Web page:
Linda McQuaig

Best Selling Author and Journalist

Linda McQuaig

Journalist and best-selling author Linda McQuaig has developed a reputation for challenging the establishment.

As a reporter for The Globe and Mail, she won a National Newspaper Award in 1989 for writing a series of articles which sparked a public inquiry into the activities of Ontario political lobbyist Patti Starr, and eventually led to Starr's imprisonment. And as a Senior Writer for Maclean's magazine, McQuaig (and Ian Austen) wrote two cover stories probing the questionable business dealings of Conrad Black in connection with a US takeover bid in the early 1980s. An irate Black suggested on CBC radio that McQuaig should be horsewhipped.

In 1991, she was awarded an Atkinson Fellowship for Journalism in Public Policy to study the social welfare systems in Europe and North America. From 2002 to 2013, McQuaig wrote an op-ed column for the Toronto Star. Since April 2014, she has been writing a weekly column for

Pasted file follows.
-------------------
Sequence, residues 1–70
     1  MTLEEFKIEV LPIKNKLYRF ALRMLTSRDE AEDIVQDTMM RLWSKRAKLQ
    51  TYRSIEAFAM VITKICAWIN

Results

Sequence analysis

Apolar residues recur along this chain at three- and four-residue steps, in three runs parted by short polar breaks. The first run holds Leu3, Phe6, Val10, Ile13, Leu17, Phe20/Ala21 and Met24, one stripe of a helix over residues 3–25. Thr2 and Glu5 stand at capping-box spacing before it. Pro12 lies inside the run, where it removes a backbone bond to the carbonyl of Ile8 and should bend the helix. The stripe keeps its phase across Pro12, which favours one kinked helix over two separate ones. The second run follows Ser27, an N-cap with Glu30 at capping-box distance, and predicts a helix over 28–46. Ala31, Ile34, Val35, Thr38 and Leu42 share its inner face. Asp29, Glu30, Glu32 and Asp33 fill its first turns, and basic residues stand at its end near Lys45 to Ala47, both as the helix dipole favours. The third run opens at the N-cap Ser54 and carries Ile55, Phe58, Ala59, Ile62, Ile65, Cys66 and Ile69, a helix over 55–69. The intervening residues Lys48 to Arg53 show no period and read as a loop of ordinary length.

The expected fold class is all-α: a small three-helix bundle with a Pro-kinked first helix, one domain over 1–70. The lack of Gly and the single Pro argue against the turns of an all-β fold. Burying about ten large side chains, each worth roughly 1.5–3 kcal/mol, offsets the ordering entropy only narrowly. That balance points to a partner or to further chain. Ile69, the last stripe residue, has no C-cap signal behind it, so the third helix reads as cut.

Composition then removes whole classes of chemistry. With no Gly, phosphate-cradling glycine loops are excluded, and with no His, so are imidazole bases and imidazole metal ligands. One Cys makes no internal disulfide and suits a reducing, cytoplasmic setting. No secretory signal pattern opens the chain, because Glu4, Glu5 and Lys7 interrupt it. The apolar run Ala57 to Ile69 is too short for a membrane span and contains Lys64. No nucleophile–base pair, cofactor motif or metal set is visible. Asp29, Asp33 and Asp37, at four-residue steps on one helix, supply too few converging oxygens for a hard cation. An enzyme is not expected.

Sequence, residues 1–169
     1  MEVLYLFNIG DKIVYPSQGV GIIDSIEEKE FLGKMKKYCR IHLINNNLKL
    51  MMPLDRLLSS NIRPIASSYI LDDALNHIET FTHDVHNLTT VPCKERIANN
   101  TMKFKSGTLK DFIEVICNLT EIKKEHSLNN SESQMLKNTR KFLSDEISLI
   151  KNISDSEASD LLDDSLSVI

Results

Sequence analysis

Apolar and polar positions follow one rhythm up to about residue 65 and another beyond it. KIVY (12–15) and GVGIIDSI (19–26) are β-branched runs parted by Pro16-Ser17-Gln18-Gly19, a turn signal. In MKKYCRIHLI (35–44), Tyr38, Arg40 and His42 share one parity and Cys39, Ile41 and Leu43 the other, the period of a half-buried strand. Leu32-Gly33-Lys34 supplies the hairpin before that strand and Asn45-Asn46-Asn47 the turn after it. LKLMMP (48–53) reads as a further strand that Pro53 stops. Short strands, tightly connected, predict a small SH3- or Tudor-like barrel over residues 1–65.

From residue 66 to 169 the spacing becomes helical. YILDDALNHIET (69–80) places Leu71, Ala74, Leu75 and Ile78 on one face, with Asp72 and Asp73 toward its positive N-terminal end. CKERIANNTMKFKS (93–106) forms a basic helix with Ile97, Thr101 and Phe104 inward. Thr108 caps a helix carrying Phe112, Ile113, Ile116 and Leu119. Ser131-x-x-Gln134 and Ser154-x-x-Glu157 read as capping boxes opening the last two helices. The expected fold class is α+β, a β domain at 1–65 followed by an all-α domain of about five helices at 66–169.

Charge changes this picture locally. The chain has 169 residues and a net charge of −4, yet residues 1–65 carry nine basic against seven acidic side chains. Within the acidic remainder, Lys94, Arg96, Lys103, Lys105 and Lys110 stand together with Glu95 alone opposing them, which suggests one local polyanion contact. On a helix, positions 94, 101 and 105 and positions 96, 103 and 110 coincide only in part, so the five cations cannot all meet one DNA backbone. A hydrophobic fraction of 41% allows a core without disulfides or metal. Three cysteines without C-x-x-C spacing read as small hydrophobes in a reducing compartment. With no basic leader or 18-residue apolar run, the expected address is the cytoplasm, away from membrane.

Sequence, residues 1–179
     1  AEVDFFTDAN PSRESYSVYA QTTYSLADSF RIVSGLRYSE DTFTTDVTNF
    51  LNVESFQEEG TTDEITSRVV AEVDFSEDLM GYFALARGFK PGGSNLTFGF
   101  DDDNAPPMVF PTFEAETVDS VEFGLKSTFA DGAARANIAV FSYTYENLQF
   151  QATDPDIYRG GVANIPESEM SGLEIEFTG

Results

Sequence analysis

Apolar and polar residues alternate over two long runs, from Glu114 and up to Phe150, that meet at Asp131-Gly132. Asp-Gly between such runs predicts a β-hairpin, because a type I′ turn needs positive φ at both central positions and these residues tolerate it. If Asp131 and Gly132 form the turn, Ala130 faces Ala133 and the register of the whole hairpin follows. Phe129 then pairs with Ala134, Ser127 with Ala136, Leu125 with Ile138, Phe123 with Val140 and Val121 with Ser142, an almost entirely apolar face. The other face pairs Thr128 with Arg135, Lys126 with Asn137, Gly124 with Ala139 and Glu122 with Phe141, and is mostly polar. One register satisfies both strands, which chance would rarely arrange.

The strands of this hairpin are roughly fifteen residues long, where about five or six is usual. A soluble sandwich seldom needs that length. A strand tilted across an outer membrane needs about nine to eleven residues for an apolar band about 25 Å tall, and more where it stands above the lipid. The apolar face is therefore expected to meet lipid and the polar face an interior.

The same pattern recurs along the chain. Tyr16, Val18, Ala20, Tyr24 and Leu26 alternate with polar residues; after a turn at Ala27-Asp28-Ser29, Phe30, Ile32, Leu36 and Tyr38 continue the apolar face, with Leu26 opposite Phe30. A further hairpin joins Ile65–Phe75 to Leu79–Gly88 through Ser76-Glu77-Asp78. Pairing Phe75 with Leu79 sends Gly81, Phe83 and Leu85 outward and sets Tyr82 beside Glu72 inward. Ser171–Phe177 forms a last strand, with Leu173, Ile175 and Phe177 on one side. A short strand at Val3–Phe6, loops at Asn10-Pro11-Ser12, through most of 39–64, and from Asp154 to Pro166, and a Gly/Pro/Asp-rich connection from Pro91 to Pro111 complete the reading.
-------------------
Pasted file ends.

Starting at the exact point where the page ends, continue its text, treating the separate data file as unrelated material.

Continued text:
She was the NDP candidate in the federal by-election in Toronto Centre in November 2013.

She is author of nine books on politics and economics – including six national bestsellers – such asShooting the Hippo (short-listed for the Governor General's Award for Non-Fiction), The Cult of Impotence, All You Can Eat, and It's the Crude, Dude: War, Big Oil and the Fight for the Planet.

Her most recent book, co-authored with Neil Brooks, is The Trouble with Billionaires: How the Super-Rich Hijacked the World (and How We Can Take It Back).

  1. The Trouble With Billionaires

    The glittering lives of billionaires may seem like a harmless source of entertainment. But such concentrated economic power reverberates throughout society, threatening the quality of life and the very functioning of democracy. It's no accident that the United States claims the most billionaires – but suffers among the highest rates of infant mortality and crime, the shortest life expectancy, as well as the lowest rates of social mobility and electoral political participation in the developed world.

    Our society tends to regard large fortunes as evidence of great talent or accomplishment. Yet the vast new wealth isn't due to an increase in talent or effort at the top, but rather to changing social attitudes legitimizing greed and government policy changes that favour the new elite. Authoritative and eye-opening, The Trouble With Billionaires will spark debate about the kind of society we want.

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